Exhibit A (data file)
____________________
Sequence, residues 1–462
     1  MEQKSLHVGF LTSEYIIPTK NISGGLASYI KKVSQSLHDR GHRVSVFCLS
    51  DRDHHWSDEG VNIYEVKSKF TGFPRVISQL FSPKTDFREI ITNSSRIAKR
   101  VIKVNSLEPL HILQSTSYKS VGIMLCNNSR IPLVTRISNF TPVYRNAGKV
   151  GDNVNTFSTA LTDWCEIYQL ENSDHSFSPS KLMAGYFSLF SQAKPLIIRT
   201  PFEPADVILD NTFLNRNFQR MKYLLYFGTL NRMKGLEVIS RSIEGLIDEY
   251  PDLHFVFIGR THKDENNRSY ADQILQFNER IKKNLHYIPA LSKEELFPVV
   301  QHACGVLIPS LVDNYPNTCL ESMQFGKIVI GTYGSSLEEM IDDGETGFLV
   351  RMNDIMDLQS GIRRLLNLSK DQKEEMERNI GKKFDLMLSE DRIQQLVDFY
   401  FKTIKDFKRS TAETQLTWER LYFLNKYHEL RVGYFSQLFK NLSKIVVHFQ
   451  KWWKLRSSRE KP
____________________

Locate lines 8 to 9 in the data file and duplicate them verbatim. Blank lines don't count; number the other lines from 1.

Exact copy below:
   301  QHACGVLIPS LVDNYPNTCL ESMQFGKIVI GTYGSSLEEM IDDGETGFLV
   351  RMNDIMDLQS GIRRLLNLSK DQKEEMERNI GKKFDLMLSE DRIQQLVDFY